Aces on Bridge — Daily Columns

The Aces on Bridge: Thursday, April 15, 2010

Dealer: South

Vul: E-W

K 9
A K Q 3
9 4
A J 9 8 6
West East
8 5 4 3 2 Q 10 7
9 8 2 J 7 5 4
A J 3 K 10 5
Q 10 K 5 3
A J 6
10 6
Q 8 7 6 2
7 4 2


South West North East
Pass Pass 1 Pass
1 Pass 1 Pass
1 NT Pass 3 NT All Pass

Opening Lead: 3

“A truth that’s told with bad intent

Beats all the lies you can invent.”

— William Blake

One problem of being known as a great player is that your opponents will think you capable of doing just about anything. You may get away with some mistakes, but equally, you will not be able to fool your opponents that easily.


That bad luck befell Maria Erhart of Austria in today’s deal from the 2000 Venice Cup semifinals against the Netherlands (the eventual winners of the event). She found the best defense, but she was playing against someone who was not going to fall for a subtle falsecard.


In the other room Austria had played one no-trump from the North seat and had made 11 tricks on a heart lead. However, three no-trump by South on a spade lead from Erhart was not so comfortable. Van der Pas took the lead in hand and played a club, intending to cover West’s card, but Erhart found a challenging counter when she put up the club queen on this trick. Van der Pas had to take dummy’s ace and now had to decide what to do at once since she did not have the entries that would permit her to cross back to hand to play a club up. Had she led a low club from dummy, the defense would have collected five tricks in the minors sooner or later. But she knew Erhart was capable of the deception, so she eventually decided to lead the club jack from the table, pinning the 10 and making her contract.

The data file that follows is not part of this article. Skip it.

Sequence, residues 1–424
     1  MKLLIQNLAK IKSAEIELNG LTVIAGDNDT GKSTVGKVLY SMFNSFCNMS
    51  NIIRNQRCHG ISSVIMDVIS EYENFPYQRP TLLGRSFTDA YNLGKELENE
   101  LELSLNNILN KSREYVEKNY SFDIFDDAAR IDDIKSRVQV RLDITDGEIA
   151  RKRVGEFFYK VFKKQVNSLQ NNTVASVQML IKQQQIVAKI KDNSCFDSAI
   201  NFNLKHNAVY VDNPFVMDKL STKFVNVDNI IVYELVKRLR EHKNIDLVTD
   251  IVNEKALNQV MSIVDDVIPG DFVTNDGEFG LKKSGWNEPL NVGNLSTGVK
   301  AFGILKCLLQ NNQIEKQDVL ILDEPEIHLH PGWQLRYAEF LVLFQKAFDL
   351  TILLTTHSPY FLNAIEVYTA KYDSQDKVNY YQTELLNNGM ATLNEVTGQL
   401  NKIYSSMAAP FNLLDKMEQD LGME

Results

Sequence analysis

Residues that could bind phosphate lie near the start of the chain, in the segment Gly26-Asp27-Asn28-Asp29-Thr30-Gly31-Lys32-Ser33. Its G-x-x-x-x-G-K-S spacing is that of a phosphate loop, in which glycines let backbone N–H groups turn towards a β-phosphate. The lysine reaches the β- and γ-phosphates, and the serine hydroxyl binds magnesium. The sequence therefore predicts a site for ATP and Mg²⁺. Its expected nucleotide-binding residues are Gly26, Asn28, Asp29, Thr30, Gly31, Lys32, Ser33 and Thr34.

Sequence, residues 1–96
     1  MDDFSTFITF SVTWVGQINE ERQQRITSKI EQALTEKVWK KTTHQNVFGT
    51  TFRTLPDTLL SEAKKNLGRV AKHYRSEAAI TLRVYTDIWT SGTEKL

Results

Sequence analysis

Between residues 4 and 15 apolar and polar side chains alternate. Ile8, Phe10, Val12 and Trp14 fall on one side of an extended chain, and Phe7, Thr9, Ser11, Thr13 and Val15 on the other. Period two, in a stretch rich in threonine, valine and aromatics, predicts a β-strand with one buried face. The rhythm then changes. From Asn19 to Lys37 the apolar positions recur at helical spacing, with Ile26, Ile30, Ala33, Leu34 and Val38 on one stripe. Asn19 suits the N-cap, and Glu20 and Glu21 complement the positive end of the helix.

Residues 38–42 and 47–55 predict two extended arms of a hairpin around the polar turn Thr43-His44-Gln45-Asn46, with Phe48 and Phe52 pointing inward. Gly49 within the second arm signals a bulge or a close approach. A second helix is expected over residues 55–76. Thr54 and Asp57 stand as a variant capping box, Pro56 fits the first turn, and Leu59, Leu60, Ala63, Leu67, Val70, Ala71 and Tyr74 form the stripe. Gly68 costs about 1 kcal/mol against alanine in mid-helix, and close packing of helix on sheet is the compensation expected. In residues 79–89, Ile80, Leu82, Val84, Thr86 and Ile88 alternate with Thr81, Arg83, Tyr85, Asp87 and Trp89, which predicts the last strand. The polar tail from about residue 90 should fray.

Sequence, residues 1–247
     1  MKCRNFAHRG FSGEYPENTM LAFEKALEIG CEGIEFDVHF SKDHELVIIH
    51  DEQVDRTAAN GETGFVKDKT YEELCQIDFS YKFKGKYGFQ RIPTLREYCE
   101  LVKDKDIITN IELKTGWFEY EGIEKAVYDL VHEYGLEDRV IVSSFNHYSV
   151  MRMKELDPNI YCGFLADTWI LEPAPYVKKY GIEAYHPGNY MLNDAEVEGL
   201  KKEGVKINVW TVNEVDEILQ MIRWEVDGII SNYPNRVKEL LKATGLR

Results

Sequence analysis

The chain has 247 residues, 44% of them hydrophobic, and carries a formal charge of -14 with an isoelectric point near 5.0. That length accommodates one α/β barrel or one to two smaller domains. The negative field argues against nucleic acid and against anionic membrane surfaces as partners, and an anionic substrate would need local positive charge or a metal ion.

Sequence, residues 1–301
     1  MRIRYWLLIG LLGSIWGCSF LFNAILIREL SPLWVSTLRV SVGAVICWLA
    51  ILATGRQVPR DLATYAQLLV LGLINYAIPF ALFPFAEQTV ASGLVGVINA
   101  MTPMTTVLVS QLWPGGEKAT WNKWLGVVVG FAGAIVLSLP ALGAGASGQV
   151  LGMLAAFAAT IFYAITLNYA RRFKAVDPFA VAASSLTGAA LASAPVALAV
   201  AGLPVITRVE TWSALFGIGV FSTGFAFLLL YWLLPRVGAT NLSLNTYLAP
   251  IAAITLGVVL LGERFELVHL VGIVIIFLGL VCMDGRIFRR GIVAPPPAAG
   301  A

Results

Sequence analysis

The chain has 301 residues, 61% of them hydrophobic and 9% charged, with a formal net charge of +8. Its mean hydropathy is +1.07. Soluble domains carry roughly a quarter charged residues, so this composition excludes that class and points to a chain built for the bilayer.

ANSWER: Just because you have a strong hand does not mean your side has a fit, or that you will do better declaring than defending. When you bid two clubs, you suggested you had a reasonable hand. But you have no extra shape, thus no basis for bidding again. So pass in tempo and hope your partner can balance with three clubs if appropriate.


South Holds:

K 9
A K Q 3
9 4
A J 9 8 6


South West North East
  1 Pass 1
2 Pass Pass 2


For details of Bobby Wolff’s autobiography, The Lone Wolff, contact If you would like to contact Bobby Wolff, please leave a comment at this blog. Reproduced with permission of United Feature Syndicate, Inc., Copyright 2009. If you are interested in reprinting The Aces on Bridge column, contact